1. Paper provides a form for information that is great for reading and reviewing, but one that is too easily lost, damaged or, worse, stolen.  

2. It is also a form that moves too slowly for today’s global business clock. 

3. Paper is expensive. It represents a significant cost for office printing and commercial printing (more than 20 percent of the total cost). It adds up quickly when you consider that document-related activities consume up to 15 percent of a company’s annual revenue.  

4. Paper is an information management nightmare. When information exists only on paper, it is extremely difficult to store, manage and share. Those storerooms with labyrinthine rows of filing cabinets are a drain on time and productivity as people go on daily quests for missing information.  

5. And what about all of the ideas, notes and knowledge captured on paper and never shared? 

6. When information is freed from the physical limitations of paper and converted into an electronic format, it becomes a more valuable strategic resource.  

7. Paper represents a compliance and security risk. There are other impacts as well. Audit compliance issues require businesses to keep accurate records, provide thorough documentation on a number of business operations, and handle personally identifiable information appropriately. Information on paper tends to be easily misplaced, or simply left lying around where people, who shouldn’t have access to it, do.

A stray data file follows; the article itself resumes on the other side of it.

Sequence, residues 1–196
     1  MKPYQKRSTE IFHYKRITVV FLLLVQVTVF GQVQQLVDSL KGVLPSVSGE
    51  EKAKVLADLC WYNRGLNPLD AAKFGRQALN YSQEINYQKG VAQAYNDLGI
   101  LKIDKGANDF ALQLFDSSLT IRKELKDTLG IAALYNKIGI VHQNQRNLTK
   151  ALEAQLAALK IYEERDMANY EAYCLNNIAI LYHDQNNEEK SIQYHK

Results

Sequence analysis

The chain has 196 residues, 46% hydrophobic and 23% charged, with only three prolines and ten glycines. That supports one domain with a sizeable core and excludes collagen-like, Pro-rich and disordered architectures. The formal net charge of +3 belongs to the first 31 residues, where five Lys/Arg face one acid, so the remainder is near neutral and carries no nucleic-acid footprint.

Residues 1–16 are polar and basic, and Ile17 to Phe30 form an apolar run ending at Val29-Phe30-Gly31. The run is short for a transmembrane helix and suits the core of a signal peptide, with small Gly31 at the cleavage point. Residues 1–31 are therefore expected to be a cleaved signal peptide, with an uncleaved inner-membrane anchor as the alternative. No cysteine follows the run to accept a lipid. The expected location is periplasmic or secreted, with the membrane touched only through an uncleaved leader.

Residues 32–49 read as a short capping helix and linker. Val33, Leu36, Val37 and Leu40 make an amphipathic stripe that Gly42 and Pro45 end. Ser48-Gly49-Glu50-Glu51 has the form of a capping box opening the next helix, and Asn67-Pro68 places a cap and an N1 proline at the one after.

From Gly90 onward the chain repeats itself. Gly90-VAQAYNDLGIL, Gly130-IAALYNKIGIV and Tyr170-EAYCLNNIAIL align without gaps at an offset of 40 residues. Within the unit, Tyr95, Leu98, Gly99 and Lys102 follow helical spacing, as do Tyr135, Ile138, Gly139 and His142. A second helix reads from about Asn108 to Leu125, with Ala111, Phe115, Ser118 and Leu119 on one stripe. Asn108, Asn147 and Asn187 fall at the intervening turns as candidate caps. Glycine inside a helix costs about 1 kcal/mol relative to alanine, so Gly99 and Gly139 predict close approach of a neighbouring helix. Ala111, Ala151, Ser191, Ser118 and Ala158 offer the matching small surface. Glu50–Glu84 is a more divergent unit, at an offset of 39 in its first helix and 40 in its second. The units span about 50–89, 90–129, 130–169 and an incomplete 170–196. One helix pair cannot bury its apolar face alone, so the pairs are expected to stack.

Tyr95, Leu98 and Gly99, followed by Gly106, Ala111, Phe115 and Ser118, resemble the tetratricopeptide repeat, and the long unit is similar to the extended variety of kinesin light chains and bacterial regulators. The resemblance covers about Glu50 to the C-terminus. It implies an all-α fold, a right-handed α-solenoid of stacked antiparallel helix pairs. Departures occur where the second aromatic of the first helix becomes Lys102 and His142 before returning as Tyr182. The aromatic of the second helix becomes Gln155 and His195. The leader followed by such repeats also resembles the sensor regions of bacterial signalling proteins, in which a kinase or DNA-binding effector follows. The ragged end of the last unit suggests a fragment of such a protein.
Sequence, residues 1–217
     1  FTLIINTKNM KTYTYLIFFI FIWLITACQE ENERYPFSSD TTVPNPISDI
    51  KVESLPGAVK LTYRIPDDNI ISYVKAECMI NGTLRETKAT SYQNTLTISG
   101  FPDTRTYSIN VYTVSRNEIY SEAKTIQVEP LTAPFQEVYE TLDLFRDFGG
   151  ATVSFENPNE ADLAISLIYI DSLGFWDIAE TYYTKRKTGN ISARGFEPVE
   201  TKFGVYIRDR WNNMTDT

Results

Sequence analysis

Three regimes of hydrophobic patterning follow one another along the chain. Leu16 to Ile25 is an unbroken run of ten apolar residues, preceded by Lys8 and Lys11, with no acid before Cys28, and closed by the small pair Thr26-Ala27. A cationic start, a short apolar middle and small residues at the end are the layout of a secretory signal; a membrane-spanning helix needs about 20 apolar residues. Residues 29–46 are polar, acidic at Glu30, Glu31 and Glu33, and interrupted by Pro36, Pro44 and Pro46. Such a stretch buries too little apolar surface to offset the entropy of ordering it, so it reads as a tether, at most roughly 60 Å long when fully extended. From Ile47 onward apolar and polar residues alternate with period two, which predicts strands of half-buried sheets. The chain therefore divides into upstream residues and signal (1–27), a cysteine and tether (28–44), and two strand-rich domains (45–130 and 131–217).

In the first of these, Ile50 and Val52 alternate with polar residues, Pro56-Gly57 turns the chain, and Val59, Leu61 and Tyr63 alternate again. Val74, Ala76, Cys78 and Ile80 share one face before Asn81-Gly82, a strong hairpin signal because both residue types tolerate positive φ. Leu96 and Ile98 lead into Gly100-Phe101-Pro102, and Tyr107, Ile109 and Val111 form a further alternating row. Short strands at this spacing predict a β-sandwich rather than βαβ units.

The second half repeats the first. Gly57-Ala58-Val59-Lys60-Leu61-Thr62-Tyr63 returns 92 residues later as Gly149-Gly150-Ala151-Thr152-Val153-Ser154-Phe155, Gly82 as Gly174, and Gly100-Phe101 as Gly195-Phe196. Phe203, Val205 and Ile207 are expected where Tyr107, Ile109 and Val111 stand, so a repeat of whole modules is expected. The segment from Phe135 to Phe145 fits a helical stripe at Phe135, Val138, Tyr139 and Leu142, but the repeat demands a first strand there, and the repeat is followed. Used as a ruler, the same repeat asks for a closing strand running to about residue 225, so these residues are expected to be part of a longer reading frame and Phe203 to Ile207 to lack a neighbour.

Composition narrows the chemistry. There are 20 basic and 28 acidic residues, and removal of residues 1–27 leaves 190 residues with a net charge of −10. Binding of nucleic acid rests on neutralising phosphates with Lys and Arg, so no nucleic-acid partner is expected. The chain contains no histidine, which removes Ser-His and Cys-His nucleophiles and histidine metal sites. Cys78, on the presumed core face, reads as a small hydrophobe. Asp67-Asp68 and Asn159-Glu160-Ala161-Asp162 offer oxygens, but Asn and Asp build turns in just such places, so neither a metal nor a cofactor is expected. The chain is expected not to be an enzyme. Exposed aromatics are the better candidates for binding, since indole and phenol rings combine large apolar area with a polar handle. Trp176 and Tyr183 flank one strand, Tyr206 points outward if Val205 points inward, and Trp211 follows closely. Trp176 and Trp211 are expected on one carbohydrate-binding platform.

8. Information on paper is harder to keep track of. The fact is, every day companies around the world are vulnerable to their most valuable information walking out the door in someone’s briefcase 

9. Many companies find that paper reduction strategies have significant additional benefits by introducing new systems of information efficiency, which improve the quality of services by speeding up information flows. 

10. An important benefit is improved efficiency as people locate and retrieve documents faster and more easily. This issue is especially significant because personnel costs are usually the most expensive component of any company’s operation. Reduced costs and increased output result in higher operating profits/gross profits